Is the Era of Nuclear Power Coming to an End in the US?
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Paul Burns dismisses the NRC's claims that nuclear plants are safe, saying the agency "is a cheerleader for the industry and an apologist for the industry when it behaves badly." Nuclear power is cheap only "if you don't consider the externalities," he adds.
"I gave up thinking 'shut it down,'" says Mary Lampert, a Massachusetts activist who has waged a seven-year campaign against renewing the Pilgrim plant's license. "There's a lot more that could be done to make it safer. Safe, no." For example, she says, the pressure-relief vents could be passive, opening automatically in response to high pressure instead of electrically or manually, and have filters.
The NRC has rejected her petitions. Some of those decisions may end up being appealed to federal courts, on the grounds that the agency, which is required to consider new information under the National Environmental Protection Act, did not take Fukushima into account in its relicensing proceedings.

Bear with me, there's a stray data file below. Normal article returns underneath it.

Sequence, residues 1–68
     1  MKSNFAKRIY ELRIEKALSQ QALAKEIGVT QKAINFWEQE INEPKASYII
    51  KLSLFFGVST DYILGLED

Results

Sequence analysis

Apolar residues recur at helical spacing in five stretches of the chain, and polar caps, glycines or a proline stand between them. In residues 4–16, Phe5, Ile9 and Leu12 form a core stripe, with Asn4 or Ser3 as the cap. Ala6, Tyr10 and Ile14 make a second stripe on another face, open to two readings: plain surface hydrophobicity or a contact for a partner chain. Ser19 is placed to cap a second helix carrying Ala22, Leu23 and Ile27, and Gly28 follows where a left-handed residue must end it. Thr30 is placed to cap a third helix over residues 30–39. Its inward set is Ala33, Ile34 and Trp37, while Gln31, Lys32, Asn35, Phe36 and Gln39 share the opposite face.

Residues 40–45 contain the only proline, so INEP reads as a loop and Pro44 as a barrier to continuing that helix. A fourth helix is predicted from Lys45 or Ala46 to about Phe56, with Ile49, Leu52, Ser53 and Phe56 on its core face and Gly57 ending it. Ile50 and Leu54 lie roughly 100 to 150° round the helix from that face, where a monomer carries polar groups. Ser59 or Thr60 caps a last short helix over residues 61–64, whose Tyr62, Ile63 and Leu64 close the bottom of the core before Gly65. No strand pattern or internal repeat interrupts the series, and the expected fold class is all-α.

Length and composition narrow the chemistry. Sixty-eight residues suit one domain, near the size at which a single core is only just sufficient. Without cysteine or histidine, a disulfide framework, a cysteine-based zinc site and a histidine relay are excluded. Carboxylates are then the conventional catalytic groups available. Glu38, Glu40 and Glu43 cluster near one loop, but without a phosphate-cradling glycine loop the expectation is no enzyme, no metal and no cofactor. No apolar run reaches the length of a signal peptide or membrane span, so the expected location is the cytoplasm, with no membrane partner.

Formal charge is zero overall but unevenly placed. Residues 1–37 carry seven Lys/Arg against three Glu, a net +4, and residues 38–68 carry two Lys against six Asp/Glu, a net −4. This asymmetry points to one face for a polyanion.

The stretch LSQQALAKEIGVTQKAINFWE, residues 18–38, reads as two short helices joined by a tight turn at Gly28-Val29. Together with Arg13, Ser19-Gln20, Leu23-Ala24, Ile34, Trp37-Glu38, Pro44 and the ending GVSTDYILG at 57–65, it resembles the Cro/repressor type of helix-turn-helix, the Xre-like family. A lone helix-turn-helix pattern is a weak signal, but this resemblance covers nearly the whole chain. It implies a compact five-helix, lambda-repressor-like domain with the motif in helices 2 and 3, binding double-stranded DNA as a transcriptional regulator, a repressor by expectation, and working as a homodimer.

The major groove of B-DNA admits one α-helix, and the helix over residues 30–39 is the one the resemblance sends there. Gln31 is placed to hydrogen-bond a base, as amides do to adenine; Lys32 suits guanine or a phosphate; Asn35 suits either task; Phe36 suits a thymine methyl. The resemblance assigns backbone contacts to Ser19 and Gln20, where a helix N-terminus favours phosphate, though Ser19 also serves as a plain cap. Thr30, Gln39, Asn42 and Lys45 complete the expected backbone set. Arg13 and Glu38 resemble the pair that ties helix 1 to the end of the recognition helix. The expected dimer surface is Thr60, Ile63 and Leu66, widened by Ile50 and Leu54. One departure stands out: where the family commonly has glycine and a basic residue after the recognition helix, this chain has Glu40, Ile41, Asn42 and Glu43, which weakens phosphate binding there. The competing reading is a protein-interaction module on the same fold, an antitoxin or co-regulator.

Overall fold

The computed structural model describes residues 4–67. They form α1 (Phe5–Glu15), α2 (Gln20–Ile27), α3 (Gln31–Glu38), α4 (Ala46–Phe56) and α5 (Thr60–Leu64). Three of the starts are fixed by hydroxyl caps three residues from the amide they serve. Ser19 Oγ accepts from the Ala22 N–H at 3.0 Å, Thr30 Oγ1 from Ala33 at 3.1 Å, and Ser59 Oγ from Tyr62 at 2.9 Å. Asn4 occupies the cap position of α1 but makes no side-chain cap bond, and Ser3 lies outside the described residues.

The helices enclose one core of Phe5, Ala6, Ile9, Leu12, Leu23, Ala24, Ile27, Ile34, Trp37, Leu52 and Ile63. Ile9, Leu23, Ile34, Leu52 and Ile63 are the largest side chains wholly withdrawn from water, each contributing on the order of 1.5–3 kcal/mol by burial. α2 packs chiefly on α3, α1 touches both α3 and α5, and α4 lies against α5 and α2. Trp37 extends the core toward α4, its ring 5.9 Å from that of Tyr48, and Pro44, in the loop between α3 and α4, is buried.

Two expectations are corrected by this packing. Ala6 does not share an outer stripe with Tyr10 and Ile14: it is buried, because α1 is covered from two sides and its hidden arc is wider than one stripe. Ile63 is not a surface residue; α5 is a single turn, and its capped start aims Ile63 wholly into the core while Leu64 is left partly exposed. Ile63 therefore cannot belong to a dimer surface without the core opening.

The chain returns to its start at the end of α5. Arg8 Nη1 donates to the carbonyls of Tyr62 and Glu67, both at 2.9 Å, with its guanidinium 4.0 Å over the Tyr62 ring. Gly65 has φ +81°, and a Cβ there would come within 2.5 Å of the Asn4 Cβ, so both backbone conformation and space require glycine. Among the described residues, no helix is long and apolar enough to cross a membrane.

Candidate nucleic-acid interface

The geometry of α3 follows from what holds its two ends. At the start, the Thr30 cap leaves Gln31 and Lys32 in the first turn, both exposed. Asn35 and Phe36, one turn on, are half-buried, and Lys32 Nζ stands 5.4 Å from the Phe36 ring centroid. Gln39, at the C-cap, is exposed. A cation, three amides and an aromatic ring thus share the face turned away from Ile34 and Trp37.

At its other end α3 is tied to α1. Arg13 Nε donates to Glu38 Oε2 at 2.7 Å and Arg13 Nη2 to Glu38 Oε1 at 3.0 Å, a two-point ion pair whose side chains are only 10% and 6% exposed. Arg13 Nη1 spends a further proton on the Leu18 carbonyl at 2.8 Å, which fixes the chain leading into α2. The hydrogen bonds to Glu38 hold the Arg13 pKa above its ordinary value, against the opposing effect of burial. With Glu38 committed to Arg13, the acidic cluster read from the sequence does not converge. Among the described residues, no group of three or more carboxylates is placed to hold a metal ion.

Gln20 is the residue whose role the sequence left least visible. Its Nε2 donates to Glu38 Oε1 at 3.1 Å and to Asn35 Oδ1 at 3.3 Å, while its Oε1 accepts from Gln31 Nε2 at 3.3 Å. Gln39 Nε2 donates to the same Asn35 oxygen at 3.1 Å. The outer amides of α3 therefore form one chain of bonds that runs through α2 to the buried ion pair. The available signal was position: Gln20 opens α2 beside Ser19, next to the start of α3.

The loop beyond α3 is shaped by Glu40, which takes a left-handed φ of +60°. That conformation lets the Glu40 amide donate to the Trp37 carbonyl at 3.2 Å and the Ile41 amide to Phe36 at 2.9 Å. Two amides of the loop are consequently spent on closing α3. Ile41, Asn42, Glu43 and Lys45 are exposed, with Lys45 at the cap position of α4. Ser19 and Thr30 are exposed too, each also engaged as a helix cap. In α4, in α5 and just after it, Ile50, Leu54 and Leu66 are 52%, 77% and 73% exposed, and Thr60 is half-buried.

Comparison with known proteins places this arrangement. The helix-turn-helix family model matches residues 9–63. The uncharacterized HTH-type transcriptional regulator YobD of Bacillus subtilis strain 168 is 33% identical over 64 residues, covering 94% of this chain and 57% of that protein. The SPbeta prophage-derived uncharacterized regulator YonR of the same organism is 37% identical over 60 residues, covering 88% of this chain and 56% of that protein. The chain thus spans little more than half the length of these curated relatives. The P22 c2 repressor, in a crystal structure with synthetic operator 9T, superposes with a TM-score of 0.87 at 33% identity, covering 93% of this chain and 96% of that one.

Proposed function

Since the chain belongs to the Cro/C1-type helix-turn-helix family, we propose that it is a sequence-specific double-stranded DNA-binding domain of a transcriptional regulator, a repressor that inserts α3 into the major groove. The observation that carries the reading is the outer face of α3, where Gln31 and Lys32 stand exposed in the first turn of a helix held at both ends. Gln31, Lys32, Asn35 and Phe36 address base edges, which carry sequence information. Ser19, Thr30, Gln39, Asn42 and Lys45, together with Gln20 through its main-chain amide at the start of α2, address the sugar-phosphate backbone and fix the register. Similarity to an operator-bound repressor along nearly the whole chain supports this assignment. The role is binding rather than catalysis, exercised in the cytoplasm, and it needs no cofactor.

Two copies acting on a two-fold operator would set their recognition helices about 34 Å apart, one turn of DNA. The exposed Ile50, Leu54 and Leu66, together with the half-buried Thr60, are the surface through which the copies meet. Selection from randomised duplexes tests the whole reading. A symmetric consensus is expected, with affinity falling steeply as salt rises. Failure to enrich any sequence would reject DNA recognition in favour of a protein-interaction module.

Lampert calls the NRC's cost-benefit analyses, in which the agency weighs the cost of offsite damage from an accident against the cost of fixes needed to prevent accidents and mitigate damage, "baloney." They have failed to consider possibilities such as the effect of contaminated water in Cape Cod Bay would have on Massachusetts' marine industries, she says, and they grossly underestimate both the chances and the severity of accidents.
"If the probability is near zero, no matter how high the consequences are, they're never going to do any mitigation," she says. "This is a fantasy. They fear Fukushima might be the death knell of the industry. They're circling the wagons."